Time to act, end shadow pandemic of violence against women

On the International Day for Elimination of Violence against Women, which marks the beginning of the UN’s annual campaign, the 16 Days of Activism against Violence against Women, the WHO South-East Asia Region called on all health sector stakeholders in the region to take urgent actions across the region to strengthen efforts to protect women and girls from violence and to support their health needs amidst the ongoing COVID-19 pandemic.
Women make up more than half of the total population of Myanmar. If we can guarantee the rights of every woman and girl to live a free and safe life, we can say that we are protecting the majority of the country’s people from violence.
Myanmar ratified the Convention on the Elimination of all Forms of Discrimination against Women (CEDAW) and submitted national reports to the CEDAW committee. The committee sent back its report with 56 suggestions, which include enacting a law protecting women and girls from violence and abuse and reviewing laws which discriminate against women.
In 2020, the Prevention of Violence against Women (PoVAW) draft bill was submitted to the Hluttaw. The bill is different from other laws because it is a social legislation and it would be effective only when people practice in it.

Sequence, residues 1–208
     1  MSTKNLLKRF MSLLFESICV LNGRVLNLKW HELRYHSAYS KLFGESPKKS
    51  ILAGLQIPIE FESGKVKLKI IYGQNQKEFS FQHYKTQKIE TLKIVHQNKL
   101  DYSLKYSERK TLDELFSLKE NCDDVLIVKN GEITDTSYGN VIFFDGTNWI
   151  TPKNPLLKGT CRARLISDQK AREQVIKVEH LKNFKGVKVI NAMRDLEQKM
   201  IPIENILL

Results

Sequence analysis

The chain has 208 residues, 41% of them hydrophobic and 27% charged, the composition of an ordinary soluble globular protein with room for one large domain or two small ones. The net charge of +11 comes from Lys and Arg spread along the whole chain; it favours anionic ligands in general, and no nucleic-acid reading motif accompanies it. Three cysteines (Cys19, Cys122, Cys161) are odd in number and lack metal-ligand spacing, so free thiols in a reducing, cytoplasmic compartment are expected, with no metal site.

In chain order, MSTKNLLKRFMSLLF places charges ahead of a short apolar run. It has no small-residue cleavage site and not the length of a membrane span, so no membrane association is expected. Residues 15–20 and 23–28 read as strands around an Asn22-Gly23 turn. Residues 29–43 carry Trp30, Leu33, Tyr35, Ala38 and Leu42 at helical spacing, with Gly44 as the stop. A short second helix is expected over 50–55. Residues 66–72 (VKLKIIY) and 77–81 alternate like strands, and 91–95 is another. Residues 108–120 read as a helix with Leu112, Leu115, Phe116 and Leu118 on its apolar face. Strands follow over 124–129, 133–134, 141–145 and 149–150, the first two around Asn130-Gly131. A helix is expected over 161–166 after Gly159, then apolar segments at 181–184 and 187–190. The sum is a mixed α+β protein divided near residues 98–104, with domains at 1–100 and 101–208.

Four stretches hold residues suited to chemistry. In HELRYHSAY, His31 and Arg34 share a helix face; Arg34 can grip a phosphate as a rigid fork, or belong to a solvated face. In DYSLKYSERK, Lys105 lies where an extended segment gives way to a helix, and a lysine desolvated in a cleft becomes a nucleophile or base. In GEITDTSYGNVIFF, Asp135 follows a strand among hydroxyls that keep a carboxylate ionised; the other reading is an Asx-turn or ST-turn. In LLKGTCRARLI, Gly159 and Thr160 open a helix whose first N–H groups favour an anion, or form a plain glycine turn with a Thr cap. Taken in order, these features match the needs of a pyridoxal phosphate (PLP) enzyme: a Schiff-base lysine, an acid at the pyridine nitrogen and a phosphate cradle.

When it comes to the bill, we should not neglect Myanmar’s traditional customs. We are responsible towards and have a duty to support and protect women and girls.
Besides, the law should be an effective legal protection which can guarantee justice and rights to live free and safe lives to women and girls.
Violence towards women and girls is being labeled as a global pandemic. Additionally, the emergence and spread of COVID-19 has made women and girls especially vulnerable to increased violence and abuse.
WHO commends Member States for introducing new or up-scaled gender-sensitive measures during the response to COVID-19.
Our efforts must also be scaled up to protect women and girls including health workers, around 70% of whom are women, not only from infection and stress, but also from stigma and violence.
Let us remind all people what the State Counsellor said at the International Women’s Day celebration last year, “The more women get their rights, the higher the standard of human rights of a country.”
We need to protect and end all forms of discrimination against women and girls, to ensure raising the standards of human rights in our country.

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